What kind of chair is best suited to overcome these challenges?

Job specifications for chairs often place emphasis on background and experience – and for good reason. Appetites for riskier, less proven chair appointments tend to drop in times of uncertainty. We recently conducted an analysis of 236 independent non-executive chairs of public companies listed across several major European indices². Of these, 63 percent have prior experience as a public-listed company non-executive chair, 49 percent have experience as the CEO of a public company, and 15 percent had experience as a CFO of a public company. Of those that did not have either CEO or CFO experience, all had at least some form of C-suite experience in a public listed company.

However, as the stakes for new chairs become progressively higher, traditional backgrounds, experience and competencies may not be enough to guarantee that a chair will be successful in their role. A deeper consideration of attributes and behaviors is also needed. As the environment and importance of the role evolves, so must the approach to chair appointments. Our experience in working with public-listed company chairs across sectors in Europe has given us valuable insights into the critical individual-level characteristics that help successful chairs overcome challenges and succeed in their role.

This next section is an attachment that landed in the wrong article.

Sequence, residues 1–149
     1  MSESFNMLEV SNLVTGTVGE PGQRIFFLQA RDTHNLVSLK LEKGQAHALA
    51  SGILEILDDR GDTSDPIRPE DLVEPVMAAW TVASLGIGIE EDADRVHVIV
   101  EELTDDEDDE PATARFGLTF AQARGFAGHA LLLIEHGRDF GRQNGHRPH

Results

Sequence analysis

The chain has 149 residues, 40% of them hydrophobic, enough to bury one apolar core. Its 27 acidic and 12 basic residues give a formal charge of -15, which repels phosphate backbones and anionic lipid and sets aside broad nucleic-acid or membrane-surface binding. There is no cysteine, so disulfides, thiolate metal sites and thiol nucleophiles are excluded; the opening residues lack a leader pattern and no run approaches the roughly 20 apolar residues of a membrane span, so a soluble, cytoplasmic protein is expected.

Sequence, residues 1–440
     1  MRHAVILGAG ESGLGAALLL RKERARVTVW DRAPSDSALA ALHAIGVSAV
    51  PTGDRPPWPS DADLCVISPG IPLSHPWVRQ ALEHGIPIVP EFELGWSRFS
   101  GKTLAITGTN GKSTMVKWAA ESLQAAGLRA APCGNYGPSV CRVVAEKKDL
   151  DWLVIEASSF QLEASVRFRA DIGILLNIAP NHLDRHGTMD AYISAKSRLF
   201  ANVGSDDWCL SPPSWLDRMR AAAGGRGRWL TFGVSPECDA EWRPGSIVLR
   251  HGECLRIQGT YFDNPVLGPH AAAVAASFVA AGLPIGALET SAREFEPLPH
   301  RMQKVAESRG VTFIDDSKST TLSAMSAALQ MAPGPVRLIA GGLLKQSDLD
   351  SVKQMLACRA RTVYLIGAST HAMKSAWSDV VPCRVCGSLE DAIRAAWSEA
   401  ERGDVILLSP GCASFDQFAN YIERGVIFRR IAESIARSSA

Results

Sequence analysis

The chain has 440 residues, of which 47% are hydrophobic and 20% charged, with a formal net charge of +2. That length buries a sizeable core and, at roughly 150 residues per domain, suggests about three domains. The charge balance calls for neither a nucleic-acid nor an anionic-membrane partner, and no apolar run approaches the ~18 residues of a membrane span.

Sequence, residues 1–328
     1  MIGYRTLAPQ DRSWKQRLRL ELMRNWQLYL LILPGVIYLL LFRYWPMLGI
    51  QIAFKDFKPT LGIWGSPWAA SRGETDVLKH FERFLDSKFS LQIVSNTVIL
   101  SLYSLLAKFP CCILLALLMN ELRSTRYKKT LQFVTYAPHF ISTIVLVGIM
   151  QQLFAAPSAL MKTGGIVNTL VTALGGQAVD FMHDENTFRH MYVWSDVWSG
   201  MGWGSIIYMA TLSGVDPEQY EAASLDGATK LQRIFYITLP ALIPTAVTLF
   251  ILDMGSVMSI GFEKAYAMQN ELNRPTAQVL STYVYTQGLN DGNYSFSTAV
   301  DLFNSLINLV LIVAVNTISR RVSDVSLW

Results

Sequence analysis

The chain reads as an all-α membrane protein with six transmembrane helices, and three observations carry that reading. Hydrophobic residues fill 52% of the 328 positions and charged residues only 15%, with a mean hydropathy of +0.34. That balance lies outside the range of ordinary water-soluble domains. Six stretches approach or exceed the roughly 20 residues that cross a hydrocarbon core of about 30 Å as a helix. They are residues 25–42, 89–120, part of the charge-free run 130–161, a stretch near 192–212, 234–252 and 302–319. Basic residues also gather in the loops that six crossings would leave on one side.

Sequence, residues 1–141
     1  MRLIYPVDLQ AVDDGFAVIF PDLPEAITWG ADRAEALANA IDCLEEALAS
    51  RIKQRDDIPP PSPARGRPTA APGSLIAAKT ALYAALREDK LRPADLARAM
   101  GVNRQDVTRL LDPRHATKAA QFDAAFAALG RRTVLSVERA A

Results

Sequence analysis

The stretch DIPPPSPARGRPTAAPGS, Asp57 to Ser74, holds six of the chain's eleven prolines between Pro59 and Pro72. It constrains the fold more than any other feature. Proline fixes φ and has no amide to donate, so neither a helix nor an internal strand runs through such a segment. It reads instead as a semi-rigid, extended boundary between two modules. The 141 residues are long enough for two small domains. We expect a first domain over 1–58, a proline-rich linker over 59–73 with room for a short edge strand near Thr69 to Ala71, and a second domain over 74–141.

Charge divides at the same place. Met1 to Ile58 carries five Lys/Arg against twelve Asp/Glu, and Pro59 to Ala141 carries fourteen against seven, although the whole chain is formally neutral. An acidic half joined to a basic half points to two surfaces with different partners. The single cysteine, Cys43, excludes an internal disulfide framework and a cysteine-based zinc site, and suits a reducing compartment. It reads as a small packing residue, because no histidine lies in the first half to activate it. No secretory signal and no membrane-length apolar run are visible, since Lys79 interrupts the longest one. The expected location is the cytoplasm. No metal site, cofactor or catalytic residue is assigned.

Critical Behavioral Characteristics of a Successful Chair

Our research suggests that successful chairs are typically distinguished by a set of six critical behavioral characteristics, repeated actions that can be learned and developed over time and through experience. Behavior alone, however, will not ensure a successful chair. The most successful chairs are those who also possess a unique set of key personality traits such as curiosity, agility, inclusivity, and resilience that enable the subtle psychological wherewithal necessary to succeed in the role. These tend to be more difficult to develop, attributed to an individual’s personality, rather than experience, but are crucial drivers of behavior that can ensure success in a context of constant change. These six critical behavioral characteristics and associated personality traits are as follows :